Russian troops are continuing their assault in the direction of the eastern city of Bakhmut, Ukraine’s General Staff said on March 10, adding that its forces repulsed “numerous attacks” in the areas of the settlements of Ivanske and Bakhmut during the day.
Ukrainian Deputy Defense Minister Hanna Malyar said the fighting in Bakhmut had “escalated,” with a new push by Russian forces to break through Ukrainian defensive lines.
Earlier, technicians worked around the clock to restore electricity in most parts of Ukraine following a devastating wave of Russian strikes, private energy firm DTEK said on March 10.
Electricity was restored in all residential areas of the capital, Kyiv, and all emergency power outages were canceled, DTEK said on March 10.
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“At 12:47 p.m., electricity was restored to all residents of the capital, so the scheduled stabilization shutdowns are no longer applicable,” the company said in a statement.
Serhiy Popko, the head of the city’s military administration, said power and water were restored in Kyiv. Popko said that about 30 percent of consumers in the capital remained without heating and that repair work was ongoing.
DTEK workers managed to finish the overnight repairs on the damaged high-voltage equipment that supplies the southern port of Odesa and the Odesa region, where the electricity has been restored, the company said.
Power restrictions prompted by significant damage caused by the Russian strikes remained in the Zhytomyr and Kharkiv regions, where hourly shutdown schedules have to be imposed, state electricity company Ukrenerho reported on March 10.
Some consumers in the two regions are still left completely without electricity, and critical infrastructure in the cities of Zhytomyr and Kharkiv operates mainly from autonomous power sources, Ukrenerho said.
Emergency shutdowns are still taking place in other two regions — Zaporizhzhya and Dnipropetrovsk — that sustained damage in the Russian strikes, it said.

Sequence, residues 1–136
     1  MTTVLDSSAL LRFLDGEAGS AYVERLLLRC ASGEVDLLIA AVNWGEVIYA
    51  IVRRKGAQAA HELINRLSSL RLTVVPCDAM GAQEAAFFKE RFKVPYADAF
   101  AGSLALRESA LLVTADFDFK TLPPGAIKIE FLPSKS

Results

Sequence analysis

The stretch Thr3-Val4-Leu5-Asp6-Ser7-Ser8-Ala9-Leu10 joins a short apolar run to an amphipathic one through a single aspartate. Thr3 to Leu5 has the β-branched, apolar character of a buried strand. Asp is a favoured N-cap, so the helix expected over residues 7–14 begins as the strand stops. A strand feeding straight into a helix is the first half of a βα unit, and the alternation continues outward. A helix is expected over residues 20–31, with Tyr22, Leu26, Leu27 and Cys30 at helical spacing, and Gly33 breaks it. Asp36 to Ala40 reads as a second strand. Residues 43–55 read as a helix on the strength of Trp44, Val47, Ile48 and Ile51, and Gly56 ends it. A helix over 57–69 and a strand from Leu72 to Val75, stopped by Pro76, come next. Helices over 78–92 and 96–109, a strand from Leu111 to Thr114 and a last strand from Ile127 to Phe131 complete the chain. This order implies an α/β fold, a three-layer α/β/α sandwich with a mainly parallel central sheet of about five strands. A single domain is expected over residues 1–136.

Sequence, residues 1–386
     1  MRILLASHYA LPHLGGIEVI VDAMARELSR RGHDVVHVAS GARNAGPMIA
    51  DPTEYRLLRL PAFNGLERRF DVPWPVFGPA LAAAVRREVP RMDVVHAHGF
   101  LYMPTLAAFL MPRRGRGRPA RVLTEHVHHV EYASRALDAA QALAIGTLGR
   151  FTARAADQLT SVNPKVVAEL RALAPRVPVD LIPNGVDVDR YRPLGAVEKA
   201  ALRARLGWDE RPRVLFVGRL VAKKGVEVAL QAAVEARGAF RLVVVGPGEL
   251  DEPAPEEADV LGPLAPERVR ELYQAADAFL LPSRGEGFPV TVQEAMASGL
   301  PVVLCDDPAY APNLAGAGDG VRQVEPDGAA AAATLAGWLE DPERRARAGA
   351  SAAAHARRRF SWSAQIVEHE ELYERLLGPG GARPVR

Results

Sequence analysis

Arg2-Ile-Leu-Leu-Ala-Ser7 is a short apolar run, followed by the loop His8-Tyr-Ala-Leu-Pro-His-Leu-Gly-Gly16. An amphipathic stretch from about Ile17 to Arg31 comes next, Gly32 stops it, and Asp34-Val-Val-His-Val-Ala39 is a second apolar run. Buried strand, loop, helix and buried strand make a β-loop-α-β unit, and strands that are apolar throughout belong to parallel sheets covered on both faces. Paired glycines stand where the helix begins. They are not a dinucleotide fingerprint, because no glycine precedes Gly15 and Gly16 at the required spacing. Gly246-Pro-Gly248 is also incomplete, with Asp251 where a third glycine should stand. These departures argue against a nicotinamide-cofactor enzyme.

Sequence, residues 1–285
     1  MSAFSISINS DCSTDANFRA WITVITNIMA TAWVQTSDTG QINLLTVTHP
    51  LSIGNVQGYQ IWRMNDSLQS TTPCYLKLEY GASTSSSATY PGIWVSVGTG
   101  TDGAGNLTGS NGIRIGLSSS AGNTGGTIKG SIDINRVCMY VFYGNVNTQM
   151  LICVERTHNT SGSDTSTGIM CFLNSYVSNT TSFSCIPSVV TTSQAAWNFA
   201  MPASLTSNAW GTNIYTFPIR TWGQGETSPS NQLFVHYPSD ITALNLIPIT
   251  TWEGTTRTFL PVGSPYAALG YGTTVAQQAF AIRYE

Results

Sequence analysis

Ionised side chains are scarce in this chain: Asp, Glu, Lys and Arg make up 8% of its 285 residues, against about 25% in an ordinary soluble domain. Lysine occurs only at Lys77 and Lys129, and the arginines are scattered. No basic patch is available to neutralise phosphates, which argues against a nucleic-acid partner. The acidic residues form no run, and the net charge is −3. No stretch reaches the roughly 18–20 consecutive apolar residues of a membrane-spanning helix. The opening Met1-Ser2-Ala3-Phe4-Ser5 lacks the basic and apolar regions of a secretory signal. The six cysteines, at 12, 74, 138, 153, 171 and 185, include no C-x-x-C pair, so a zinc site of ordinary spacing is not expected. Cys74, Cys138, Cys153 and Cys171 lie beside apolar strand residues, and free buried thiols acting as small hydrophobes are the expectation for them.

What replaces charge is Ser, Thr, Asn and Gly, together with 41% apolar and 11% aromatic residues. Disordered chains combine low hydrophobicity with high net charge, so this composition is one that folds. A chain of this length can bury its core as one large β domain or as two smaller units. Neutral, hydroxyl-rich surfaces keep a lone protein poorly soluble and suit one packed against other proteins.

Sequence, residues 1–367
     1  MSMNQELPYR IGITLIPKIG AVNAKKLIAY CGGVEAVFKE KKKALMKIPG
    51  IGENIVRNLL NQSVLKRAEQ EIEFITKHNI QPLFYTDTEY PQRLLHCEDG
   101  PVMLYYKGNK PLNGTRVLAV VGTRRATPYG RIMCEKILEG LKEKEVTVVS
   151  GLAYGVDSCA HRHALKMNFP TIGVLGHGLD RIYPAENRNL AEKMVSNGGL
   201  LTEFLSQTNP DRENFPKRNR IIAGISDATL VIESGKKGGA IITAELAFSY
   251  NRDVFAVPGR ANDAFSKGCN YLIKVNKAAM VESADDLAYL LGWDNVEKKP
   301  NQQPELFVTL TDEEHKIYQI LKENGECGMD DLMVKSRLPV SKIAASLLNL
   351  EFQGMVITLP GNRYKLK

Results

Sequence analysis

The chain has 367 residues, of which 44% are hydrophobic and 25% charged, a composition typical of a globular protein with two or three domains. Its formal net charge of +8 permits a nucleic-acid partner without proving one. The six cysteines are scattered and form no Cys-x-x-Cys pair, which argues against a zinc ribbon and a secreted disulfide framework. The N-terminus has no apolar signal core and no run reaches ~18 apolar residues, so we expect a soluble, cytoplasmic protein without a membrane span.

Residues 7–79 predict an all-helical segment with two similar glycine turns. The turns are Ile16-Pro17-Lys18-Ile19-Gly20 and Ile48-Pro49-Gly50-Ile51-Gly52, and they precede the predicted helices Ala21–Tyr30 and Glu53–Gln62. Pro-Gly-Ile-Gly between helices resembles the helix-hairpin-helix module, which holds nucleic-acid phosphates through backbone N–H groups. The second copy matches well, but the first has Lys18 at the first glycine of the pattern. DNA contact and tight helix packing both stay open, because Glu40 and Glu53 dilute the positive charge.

Following the wave of attacks on Ukrainian civilian targets — the first of its kind since mid-February — Ukrainian President Volodymyr Zelenskiy accused Russia of persisting in using terror against civilians.
“The occupiers can only terrorize civilians. That’s all they can do. But it won’t help them. They won’t avoid responsibility for everything they have done,” Zelenskiy said after the attacks.
IN PHOTOS: Russia launched a massive wave of air strikes on Ukraine on March 9, causing casualties and multiple power cuts across the country and halting the power supply of the nuclear power plant at Zaporizhzhya as the battle for Bakhmut in the east raged on.
Zelenskiy also held talks with Finnish Prime Minister Sanna Marin, who made an unannounced visit to Kyiv on March 10.
Marin accompanied Zelenskiy and senior military officers at the funeral of one of Ukraine’s best-known fighters and commanders, who was killed in clashes near Bakhmut.
The service for 27-year-old Dmytro Kotsyubaylo, killed a few days earlier, was held at the cathedral of Kyiv’s St. Michael’s Golden-Domed Monastery, where many mourners clutched flowers and paid their respects. Zelenskiy and Marin also laid flowers at a nearby memorial to fallen Ukrainian soldiers.
“Putin knows he will have to answer for his crime of aggression,” the Finnish leader told journalists. “The future tribunal must bring justice efficiently and answer Ukrainians’ rightful demands.”
Russia has repeatedly denied targeting civilians, despite abundant evidence to the contrary.
It said the attacks, during which it used hypersonic Kinzhal (Dagger) missiles, were a “massive retaliatory strike” in response to what it said was a Ukrainian-orchestrated “terrorist attack” in Russia’s Bryansk region, which borders Ukraine, last week.
Kyiv has denied any involvement, suggesting Moscow might be seeking a “false flag” pretext to stage new attacks on Ukraine.
White House spokeswoman Olivia Dalton said it was “devastating to see these brutal, unjustified attacks on civilian infrastructure across Ukraine,” and said the United States would continue to supply Kyiv with air-defense systems.
Fierce fighting was under way in other parts of Donetsk region, with focus on the towns of Lyman, Avdiyivka, and Shakhtarsk, the military said.
In Rubizhniy, in the neighboring Luhansk region, the Ukrainian military said that Russians used civilians as human shields.
“The enemy places personnel in residential quarters, hiding behind the civilian population. Servicemen of the occupying forces are housed on the first and second floors, and civilians are left to live above,” the General Staff said.
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